I don’t care to rate the humour of BBT, as comedy is subjective. I don’t care about how it introduces science to people – anyone with an enthusiasm for science will get into it anyway, and I would guess that anyone who obtained an interest in science from BBT would soon abandon it for being too boring.

But BBT has left an indelible mark on nerd culture, and it seems to have been administered in a largely cynical way. I understand that capitalism relies upon presenting a product that people want, but to appropriate nerd culture in a way that seems to mock its core is the kind of offensive that I would have though more people would understand.

But nerds are still just locker stuffing, right?

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The long game

It’s difficult to review the political landscape and not recognise the situation panning out. We’re reaching a tipping point, I feel, and it feels that a return to moderation is going to be some time away. This is especially so when you see the popular culture running what appears to be freshly sewn propaganda.

While conservatives fight the policy of the day, the polar opposite are infiltrating popular culture to indoctrinate the youth in their ideals. All the major pop stars support one side of the debate, and for any celebrity to go against this grain, they face large backlash and the ends of their careers.

See the fallout with Kanye West for a prime example. For another example, an up and coming actor had to purge his tweets for daring to not consider conservative firebrand Ben Shapiro a practitioner of hate.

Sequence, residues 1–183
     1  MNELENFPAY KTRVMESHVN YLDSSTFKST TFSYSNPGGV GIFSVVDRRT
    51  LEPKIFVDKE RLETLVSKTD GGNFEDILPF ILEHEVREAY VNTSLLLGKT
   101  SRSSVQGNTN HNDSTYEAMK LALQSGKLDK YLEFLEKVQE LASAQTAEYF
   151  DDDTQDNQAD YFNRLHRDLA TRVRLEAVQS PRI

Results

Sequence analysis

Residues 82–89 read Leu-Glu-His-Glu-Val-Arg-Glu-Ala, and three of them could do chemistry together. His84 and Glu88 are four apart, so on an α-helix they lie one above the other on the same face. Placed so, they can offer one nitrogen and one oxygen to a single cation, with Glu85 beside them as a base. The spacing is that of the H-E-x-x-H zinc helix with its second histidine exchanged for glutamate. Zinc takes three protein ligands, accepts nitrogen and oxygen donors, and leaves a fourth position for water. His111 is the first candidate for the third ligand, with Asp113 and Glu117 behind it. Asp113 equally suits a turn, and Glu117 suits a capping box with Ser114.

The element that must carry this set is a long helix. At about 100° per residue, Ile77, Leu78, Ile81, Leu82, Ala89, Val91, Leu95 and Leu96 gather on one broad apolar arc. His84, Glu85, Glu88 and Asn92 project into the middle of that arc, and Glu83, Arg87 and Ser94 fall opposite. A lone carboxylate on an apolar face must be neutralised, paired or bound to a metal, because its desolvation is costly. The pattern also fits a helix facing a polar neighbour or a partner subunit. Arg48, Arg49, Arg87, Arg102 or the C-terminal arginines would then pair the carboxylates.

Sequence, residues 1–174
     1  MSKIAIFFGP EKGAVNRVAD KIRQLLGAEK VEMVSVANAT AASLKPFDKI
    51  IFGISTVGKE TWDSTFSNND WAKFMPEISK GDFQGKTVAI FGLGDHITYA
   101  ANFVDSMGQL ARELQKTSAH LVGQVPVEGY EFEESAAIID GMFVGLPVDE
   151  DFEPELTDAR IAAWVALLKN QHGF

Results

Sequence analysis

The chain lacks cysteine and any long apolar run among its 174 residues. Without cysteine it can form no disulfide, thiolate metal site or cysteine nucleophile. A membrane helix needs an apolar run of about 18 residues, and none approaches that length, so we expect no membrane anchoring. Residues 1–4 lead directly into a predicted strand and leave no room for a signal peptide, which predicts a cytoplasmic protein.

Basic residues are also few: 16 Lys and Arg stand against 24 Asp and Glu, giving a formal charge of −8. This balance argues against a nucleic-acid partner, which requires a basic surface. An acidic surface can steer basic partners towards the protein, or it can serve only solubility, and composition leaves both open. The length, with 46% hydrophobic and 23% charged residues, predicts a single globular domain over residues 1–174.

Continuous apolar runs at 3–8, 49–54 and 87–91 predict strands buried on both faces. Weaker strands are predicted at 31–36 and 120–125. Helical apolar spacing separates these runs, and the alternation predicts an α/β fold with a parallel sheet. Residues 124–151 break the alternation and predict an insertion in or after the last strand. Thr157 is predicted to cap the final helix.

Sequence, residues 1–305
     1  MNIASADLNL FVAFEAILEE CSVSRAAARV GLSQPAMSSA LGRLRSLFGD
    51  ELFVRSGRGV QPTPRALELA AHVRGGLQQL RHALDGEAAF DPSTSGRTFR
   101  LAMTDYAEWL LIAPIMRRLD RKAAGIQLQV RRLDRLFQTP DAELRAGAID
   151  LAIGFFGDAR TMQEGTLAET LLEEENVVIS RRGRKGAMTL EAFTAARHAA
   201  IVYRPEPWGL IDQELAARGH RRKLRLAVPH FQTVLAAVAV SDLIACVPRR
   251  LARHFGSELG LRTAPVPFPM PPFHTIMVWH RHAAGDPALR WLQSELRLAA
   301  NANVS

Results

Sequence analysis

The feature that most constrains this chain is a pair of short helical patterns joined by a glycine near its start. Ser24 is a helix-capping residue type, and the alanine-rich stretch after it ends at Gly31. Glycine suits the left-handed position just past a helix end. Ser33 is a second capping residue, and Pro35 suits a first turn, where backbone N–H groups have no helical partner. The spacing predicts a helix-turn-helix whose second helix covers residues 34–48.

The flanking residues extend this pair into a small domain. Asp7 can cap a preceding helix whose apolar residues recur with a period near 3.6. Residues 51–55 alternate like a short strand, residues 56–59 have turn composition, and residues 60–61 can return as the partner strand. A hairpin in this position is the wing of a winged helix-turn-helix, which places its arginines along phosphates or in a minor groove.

The game that Democrats are playing is a long one. They seem to be seeking intergenerational voters to follow their cause, whereas the conservatives seem content to appeal to their base that has always served them well – middle America. That’s all well and good, except getting people when their minds are the most pliable and open is probably going to play strongly to the Democrats, going forward.

I am from an era where the popular culture was viewed with disdain, that people who consumed the most superficial of media had largely superficial understanding of things. Yet today we seem to give greater credence to ideas espoused by those who are the most popular. The political musings of Katy Perry seem somehow more noteworthy than political commentators who have analysed the field for years.

People who come for the interest of the way power works, rather than people with a vested interest in producing an outcome for their team. Because that’s how I view pop culture personalities who weigh in on politics – sales staff for political powers. They aren’t experts. They are billboards.

But they appeal to the approaching demographic who will soon reach voting age.